Chemistry (Photo credit: Lower Columbia College)
Think you know your science and technology? Test your knowledge with a 13-question quiz put together by the Pew Research Center and Smithsonian Magazine.
The test was given to a random, representative sampling of 1,006 American adults and provides a stepping-off point for some interesting discussions about the state of scientific and technological knowledge in America.
Pew’s analysis of the results are available, but as they warn, you should take the test for yourself first!
Spiritual (Photo credit: songedeluxe)
“Spiritual, but not religious”.
It’s a belief description claimed by some of the “nones” – not affiliated with a specific religion, but claiming “spirituality” of some sort.
But what does “spiritual but not religious” mean? Does modern “spirituality” have any intellectual backing? And do these “spiritual but not religious” beliefs do more harm than good? David Webster, who teaches philosophy, religion, and ethics at the University of Gloucestershire, argues that not only are these beliefs undefined, but they can even make people stupid, selfish and unhappy.
Webster was interviewed this week by Mary Hynes on the CBC Radio religion program Tapestry. The fascinating interview can be found on the Tapestry website and is the first interview in the podcast.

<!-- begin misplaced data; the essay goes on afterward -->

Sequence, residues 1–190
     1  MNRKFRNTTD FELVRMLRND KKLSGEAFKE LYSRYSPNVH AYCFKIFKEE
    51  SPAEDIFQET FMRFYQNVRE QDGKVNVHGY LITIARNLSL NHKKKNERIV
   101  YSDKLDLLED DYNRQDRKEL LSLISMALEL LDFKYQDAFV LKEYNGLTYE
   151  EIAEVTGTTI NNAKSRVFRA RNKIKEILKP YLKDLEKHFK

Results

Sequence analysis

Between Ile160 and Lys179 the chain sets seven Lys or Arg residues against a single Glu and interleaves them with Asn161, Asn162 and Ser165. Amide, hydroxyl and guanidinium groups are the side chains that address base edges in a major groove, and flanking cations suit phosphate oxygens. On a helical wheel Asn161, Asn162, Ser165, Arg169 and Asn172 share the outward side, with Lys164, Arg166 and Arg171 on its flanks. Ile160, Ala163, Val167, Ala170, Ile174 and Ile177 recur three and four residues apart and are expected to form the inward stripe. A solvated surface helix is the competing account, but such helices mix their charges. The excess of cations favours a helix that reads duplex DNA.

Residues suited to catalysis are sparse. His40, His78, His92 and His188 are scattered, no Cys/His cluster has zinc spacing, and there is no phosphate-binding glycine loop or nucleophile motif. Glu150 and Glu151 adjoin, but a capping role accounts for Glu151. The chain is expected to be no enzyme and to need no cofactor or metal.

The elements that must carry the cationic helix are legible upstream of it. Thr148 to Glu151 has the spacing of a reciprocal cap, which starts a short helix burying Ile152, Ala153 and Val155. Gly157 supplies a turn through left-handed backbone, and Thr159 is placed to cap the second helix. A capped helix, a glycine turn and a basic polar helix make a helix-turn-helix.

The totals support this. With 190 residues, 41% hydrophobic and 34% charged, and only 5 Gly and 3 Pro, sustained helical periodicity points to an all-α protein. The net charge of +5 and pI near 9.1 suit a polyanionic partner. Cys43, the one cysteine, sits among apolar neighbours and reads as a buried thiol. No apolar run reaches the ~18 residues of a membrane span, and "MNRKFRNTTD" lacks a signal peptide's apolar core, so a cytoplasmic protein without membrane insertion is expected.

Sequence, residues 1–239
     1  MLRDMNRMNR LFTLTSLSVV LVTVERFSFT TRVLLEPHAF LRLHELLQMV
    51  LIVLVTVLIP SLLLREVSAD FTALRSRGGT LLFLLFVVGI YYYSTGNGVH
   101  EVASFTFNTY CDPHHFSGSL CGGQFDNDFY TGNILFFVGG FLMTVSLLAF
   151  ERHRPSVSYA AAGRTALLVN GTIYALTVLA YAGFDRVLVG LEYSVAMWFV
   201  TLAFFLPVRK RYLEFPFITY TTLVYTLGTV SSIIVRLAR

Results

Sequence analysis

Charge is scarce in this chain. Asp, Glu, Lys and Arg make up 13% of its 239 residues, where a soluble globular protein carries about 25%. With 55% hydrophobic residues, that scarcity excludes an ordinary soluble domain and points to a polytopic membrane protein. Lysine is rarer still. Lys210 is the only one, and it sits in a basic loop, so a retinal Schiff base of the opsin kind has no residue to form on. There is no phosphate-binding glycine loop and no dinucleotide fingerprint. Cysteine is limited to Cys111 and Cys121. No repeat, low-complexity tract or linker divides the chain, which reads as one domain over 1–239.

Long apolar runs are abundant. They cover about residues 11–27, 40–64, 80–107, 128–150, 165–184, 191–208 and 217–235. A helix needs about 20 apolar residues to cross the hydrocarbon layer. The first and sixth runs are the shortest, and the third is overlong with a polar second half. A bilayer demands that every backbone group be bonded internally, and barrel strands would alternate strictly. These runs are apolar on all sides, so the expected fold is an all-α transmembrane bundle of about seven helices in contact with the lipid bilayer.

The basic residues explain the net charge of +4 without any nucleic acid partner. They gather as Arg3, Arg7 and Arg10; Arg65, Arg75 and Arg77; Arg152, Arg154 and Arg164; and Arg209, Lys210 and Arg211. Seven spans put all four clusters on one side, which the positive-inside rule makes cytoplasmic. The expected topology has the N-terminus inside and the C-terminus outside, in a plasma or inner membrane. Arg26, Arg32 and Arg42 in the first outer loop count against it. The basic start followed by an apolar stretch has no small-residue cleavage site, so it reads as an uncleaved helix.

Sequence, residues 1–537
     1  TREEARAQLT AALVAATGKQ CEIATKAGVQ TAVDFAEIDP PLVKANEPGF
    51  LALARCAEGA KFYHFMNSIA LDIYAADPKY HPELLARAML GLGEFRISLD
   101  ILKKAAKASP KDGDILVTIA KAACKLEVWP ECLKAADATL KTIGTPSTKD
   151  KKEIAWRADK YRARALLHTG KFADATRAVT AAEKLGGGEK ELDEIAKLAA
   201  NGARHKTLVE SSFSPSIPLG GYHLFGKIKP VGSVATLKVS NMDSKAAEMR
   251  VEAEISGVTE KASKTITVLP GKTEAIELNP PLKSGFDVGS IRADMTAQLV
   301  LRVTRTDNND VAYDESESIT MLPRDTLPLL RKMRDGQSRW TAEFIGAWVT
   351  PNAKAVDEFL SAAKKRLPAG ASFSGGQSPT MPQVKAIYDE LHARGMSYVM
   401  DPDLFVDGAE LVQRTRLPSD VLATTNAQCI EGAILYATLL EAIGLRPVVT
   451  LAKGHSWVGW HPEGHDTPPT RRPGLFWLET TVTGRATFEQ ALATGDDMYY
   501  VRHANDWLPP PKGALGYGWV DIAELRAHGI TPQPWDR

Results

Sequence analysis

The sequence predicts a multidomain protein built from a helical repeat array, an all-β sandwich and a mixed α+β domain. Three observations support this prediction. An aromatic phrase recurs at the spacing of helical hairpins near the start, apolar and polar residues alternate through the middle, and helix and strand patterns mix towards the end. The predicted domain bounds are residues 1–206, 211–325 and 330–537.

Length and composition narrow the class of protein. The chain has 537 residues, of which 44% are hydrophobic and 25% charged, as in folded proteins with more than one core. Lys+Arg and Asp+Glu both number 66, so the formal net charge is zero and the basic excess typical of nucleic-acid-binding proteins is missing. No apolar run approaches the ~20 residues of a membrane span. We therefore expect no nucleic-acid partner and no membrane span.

Webster is also the author of Dispirited: How Contemporary Spirituality Makes Us Stupid, Selfish and Unhappy, which was published in 2012 by Zero Books.
Time for a dose of retro-futurism. From the March 12, 1967 episode of the CBS show “The 21st Century”, here’s Walter Cronkite showing viewers the home office of the future:
Discounting the cringingly dated assumptions – “Now this is where a man might spend most of his time in the home office of the 21st century” – the predictions of the 21st century home office are quite accurate. The show manages to predict flat-panel computer monitors, instant access of weather, financial information and news, and even a rudimentary form of Skype.
Best lines? “With equipment like this in the home of the future… we may not have to go to work. The work would come to us.” Sorry, but no. That’s one thing we denizens of the future still haven’t managed to totally achieve.
(H/T to @petermansbridge for the link)